While many teams across the country look to begin the process of building towards an NCAA Tournament berth with trips outside of the country in the summer, not everyone has the same set of circumstances to deal with once the season begins. Such is life for schools in smaller conferences, who may have their NCAA Tournament hopes boil down to one weekend in March. One school on the road who could fall into that category is Akron, and Keith Dambrot's team was a prime example of the importance of the conference tournament.
Just 9-7 in MAC play heading into the tournament, the Zips won four games (two in overtime) to earn the league's automatic bid. Notre Dame ended Akron's season in the second round, but the final month of the season displayed the promise of what Akron could be in 2011-12. Conference tournament MVP Zeke Marshall was one of the players who stepped up in March, and Akron's trip to Canada was the next step in the maturation process for the Zips.
Coach Dambrot's team won all five of their games north of the border, ending the trip with an 80-76 win over Carleton University and outscored their opponents by an average margin of 24.2 points per game. But as it's been noted many times before, trips out of the country are just as much about player and team development as they are win/loss records.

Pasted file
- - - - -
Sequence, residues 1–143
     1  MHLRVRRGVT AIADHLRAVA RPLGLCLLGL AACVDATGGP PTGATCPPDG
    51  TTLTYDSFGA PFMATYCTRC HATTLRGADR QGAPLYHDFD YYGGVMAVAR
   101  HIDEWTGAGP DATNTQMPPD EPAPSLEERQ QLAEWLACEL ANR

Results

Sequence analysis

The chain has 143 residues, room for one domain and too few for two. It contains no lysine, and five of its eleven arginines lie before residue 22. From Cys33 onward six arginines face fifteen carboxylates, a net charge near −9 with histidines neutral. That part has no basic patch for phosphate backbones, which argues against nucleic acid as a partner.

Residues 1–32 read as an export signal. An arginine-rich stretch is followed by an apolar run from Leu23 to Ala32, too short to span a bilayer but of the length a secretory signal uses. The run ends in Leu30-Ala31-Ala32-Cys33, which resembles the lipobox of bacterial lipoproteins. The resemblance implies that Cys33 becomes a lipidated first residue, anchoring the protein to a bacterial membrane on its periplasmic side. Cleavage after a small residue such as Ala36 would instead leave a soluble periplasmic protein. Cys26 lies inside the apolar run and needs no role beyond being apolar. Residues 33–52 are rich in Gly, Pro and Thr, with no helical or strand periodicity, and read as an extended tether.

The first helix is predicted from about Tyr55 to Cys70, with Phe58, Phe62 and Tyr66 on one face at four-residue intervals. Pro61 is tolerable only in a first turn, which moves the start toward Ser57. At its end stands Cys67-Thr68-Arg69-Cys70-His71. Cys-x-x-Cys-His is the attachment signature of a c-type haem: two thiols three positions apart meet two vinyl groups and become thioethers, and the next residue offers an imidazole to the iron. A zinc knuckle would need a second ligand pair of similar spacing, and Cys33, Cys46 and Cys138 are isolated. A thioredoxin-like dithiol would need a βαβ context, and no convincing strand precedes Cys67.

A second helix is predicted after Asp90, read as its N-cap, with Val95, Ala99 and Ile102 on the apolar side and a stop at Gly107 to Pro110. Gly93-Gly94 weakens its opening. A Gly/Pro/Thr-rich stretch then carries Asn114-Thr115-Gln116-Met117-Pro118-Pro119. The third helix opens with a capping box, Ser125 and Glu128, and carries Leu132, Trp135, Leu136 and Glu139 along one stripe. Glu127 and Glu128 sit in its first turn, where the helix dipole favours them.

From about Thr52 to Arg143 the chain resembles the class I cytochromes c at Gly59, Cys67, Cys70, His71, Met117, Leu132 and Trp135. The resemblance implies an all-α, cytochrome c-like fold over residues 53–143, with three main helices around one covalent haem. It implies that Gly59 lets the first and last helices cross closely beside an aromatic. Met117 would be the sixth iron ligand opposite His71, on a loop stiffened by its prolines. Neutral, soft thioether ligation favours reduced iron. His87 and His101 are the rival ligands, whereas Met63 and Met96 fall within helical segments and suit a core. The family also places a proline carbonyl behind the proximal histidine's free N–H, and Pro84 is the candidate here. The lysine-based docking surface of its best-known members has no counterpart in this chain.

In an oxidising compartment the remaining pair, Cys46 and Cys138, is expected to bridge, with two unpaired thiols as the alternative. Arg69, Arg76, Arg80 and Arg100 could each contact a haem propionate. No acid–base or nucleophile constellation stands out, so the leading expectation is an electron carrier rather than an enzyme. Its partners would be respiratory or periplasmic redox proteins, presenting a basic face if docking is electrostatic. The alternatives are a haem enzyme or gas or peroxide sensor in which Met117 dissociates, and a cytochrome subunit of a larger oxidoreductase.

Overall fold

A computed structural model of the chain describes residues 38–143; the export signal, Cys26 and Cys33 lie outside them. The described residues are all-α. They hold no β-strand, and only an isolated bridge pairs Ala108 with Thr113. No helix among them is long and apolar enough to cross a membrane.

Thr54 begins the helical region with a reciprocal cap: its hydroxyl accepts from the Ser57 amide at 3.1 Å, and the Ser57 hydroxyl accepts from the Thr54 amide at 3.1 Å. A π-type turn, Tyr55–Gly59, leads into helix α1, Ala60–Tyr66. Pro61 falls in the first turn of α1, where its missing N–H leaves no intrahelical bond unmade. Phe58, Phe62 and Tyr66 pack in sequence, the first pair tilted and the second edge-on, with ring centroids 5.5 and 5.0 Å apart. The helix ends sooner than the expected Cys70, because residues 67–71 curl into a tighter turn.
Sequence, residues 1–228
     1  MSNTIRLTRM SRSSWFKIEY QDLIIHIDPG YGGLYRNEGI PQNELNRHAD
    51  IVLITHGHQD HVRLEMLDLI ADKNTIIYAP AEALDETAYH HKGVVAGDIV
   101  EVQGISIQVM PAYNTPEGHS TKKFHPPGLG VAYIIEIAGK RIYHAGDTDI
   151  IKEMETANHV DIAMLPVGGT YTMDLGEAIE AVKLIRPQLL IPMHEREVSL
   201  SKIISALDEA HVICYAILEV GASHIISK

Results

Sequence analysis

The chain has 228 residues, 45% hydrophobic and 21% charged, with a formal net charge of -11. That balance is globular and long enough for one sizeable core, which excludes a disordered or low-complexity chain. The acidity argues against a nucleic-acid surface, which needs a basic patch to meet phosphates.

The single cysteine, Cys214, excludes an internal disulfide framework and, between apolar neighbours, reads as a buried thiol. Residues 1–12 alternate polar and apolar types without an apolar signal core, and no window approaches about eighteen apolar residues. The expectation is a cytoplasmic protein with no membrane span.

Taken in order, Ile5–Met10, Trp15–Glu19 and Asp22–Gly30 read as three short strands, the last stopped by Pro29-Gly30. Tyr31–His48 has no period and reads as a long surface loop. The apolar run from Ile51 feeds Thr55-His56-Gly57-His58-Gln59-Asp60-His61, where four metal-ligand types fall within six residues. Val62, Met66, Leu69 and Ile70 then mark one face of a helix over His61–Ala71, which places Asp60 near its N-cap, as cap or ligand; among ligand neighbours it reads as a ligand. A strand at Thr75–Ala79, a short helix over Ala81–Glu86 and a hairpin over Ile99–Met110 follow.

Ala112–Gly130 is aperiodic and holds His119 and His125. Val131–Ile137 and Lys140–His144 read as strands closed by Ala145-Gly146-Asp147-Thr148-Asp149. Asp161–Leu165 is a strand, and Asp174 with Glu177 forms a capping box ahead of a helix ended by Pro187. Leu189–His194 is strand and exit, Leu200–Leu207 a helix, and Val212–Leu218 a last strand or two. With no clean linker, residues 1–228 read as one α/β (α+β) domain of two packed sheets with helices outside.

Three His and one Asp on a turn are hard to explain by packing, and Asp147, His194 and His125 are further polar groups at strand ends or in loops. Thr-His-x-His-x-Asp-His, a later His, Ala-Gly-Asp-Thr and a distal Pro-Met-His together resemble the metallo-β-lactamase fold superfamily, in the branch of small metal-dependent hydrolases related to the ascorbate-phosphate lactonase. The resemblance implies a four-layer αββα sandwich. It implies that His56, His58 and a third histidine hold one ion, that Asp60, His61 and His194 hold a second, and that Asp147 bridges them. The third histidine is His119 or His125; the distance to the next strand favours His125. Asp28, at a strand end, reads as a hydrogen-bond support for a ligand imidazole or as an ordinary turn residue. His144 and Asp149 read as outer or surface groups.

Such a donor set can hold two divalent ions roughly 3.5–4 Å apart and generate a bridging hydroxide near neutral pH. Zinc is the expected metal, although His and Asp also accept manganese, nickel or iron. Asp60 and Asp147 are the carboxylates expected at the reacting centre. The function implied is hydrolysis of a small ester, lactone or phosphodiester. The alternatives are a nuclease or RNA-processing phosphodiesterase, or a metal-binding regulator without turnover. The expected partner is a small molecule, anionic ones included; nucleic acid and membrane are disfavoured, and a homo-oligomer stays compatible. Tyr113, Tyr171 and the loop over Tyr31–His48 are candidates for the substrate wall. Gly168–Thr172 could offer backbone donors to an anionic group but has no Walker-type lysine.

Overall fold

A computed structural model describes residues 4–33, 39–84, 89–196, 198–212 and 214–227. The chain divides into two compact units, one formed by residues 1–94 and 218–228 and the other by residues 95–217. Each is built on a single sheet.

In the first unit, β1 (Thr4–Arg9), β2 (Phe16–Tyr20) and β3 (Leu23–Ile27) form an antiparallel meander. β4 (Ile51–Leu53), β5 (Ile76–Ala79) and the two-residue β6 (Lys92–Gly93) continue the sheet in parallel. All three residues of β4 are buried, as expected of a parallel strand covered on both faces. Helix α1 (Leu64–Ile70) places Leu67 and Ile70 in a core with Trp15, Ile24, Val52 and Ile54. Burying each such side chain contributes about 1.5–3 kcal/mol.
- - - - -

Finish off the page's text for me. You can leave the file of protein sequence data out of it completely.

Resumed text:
Marshall (8.5 ppg, 4.9 rpg in '10-'11) is a key figure in that growth, and in talking with Coach Dambrot on Friday the junior 7-footer still has work to do. "He didn't play his best basketball, but the biggest thing for him will be to be more consistent offensively and as a whole," said Dambrot. While the Zips won't lack for depth in the frontcourt, it's safe to say that this is a big season for Marshall.
In addition to Marshall in the frontcourt is senior Nikola Cvetinovic, who missed out on the trip to play in the World University Games for his native Serbia. Cvetinovic was a Second Team All-MAC selection last season, and while he may not end up being a MAC Player of the Year possibility he's going to be a key factor for Akron.